I have a great time at Villa because I get to hang out with favorite people, I get to dance, and I’m a voyeur-writer type. Looking at these clubs as a whole, though, they are not exactly friendly or welcoming places outside of the friends you already have there. They are threaded through, like so much of Los Angeles, with the steel wire of ambition, competition, the kind of hope that shades so quickly into desperation.
I was dancing downstairs with friends when I looked toward a table area and noticed one guy being held back from attacking another guy. I shrugged it off and didn’t think anything more would happen — which indicates the kind of world I inhabit, where the violence I encounter is psychological or cinematic — but then guys were shoving each other, one guy was jumping up on the couch and getting another guy against the wall, there was some punching and kicking, and just when you thought it was over it would erupt again. The place was so tightly packed that the fight sent physical shockwaves through the crowd. At one point I got tossed back into a pair of strong male arms (I think I know who they belonged to, but am not entirely sure and elected not to ask). I saw Lukas Haas** on his cell phone, looking toward the stairs, where Leo D***. soon appeared and took authority, signaling to get people moved, thrown out, to get the broken glass swept up. Order was restored.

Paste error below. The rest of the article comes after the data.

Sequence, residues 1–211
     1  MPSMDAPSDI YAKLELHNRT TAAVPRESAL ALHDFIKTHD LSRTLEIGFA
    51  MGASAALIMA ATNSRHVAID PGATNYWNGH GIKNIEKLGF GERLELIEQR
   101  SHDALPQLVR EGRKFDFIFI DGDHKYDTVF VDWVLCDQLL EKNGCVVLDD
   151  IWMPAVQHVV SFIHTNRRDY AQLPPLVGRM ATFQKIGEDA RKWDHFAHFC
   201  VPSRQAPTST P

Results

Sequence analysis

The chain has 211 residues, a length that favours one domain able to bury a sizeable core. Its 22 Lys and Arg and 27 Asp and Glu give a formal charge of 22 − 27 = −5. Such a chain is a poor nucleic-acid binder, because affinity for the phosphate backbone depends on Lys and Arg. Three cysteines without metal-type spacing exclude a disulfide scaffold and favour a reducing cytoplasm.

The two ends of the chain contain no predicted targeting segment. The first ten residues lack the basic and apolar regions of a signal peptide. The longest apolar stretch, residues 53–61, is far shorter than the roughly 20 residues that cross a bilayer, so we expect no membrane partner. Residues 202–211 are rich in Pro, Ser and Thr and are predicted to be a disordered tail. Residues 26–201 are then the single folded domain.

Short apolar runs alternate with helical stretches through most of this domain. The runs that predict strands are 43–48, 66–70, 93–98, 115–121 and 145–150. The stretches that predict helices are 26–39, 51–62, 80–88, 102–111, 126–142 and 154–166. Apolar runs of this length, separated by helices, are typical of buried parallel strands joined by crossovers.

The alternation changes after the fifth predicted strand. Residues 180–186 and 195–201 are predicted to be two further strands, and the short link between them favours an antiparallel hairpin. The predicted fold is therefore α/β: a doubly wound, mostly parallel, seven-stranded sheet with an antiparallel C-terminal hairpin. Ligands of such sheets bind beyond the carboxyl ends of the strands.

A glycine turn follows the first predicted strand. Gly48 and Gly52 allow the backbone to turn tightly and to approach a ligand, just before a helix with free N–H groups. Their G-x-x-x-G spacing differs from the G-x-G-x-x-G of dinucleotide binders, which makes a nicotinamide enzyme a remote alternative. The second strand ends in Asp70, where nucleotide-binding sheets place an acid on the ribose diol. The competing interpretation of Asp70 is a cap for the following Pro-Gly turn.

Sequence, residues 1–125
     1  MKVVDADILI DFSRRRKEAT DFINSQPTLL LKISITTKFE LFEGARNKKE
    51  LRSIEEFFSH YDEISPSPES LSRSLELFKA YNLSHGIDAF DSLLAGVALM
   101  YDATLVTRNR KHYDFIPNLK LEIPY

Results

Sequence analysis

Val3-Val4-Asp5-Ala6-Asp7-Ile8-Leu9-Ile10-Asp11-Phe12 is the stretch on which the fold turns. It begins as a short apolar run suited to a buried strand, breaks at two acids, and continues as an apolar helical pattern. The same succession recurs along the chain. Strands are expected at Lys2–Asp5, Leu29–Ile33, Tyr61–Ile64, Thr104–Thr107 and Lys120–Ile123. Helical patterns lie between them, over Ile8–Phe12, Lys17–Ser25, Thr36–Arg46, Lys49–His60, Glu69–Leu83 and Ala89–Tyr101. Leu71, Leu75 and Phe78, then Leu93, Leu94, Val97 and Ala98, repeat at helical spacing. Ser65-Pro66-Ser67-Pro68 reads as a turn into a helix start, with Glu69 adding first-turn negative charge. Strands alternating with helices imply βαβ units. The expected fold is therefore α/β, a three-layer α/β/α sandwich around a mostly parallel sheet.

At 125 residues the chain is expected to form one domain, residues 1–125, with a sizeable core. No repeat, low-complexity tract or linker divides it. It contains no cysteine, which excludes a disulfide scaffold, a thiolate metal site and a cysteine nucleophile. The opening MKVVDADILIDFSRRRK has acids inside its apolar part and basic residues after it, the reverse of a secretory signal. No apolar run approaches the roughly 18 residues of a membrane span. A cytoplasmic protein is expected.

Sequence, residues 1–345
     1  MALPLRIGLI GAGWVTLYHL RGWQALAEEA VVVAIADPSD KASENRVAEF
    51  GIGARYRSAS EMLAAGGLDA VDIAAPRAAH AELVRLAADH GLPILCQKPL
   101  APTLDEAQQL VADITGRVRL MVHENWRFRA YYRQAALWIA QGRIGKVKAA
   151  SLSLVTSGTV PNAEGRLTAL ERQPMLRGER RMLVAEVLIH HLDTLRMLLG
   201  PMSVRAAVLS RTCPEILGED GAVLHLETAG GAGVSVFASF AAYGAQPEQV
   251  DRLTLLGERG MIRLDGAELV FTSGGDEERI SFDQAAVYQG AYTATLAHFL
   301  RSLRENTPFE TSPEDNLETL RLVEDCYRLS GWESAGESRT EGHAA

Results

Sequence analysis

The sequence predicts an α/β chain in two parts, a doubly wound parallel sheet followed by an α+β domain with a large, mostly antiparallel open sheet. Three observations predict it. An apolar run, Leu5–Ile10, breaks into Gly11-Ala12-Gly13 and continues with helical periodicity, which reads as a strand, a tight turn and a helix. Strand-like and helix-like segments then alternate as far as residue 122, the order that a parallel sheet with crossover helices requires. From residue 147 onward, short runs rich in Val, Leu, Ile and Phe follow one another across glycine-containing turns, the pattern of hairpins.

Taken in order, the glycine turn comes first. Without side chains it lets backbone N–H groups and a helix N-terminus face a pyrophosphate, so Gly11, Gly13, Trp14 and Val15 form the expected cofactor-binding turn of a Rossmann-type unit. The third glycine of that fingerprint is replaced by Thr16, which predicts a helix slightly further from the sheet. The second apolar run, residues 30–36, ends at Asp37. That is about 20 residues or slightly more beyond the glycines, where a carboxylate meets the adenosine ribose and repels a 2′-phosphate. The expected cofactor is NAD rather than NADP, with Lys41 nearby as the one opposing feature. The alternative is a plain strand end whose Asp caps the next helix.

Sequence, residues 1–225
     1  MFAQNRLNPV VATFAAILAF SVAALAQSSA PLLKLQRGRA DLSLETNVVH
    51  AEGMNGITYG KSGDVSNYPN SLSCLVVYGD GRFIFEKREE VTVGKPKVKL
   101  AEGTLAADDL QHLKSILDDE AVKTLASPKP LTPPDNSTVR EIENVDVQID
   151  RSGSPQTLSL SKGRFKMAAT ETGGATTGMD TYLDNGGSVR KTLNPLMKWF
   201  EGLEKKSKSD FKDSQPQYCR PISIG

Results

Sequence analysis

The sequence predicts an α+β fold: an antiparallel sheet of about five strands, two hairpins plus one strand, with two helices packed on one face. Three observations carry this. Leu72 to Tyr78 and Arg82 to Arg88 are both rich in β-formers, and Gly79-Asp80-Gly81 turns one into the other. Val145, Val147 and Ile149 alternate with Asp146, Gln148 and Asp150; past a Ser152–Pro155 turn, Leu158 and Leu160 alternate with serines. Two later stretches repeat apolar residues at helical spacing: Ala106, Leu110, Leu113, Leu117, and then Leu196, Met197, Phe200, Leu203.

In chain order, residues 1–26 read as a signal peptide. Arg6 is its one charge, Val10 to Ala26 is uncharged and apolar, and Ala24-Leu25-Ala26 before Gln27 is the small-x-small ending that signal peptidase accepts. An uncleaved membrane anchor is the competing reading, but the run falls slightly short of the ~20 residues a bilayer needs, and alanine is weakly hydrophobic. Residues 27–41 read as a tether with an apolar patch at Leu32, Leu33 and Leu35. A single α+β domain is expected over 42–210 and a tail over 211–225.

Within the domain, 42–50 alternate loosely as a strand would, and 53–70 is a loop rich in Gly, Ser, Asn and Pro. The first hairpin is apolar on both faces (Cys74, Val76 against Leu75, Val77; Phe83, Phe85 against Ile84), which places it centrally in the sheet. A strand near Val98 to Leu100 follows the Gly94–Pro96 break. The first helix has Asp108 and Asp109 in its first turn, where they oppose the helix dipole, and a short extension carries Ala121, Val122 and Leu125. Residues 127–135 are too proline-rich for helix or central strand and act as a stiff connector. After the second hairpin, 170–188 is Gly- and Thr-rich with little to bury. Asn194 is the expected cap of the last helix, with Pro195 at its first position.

Not that there’s anything unusual or significant about a fight; the only-in-LA moment happened a day or so afterward. I was talking to Jade on our way to lapdancing class — lapdancing and poledancing repackaged as core-strengthening exercise and love-your-body female empowerment — and mention of the fight came up. I said I’d read in perezhilton that Jesse Metcalf and Kevin Donnelly were involved — two testosterone-fueled actors with a bit of fame and money who like to live hard, so no surprise there. “I know. Jason was the one who told Perez,” Jade told me. “Jason is friends with Perez. He was texting him on his phone while he was watching the fight.” So to recap: I stumbled across information I didn’t know about the fight that I’d actually witnessed through the gossip blog of a total stranger who found out about it from a friend who had been witnessing it right alongside me.
Hollywood is such a postmodern, theatre-of-the-absurd kind of place.
* The same thing happens with female beauty. When every girl in the room is pretty, because that’s how she got into the room in the first place, a whole new pecking order emerges around things like talent and intelligence and personal style — and, of course, sheer force of will.
** Hangs out with Leo D. a lot.
*** DiCaprio is one of the co-owners of the place, and seems to be actually involved with it instead of just a name on the marquee.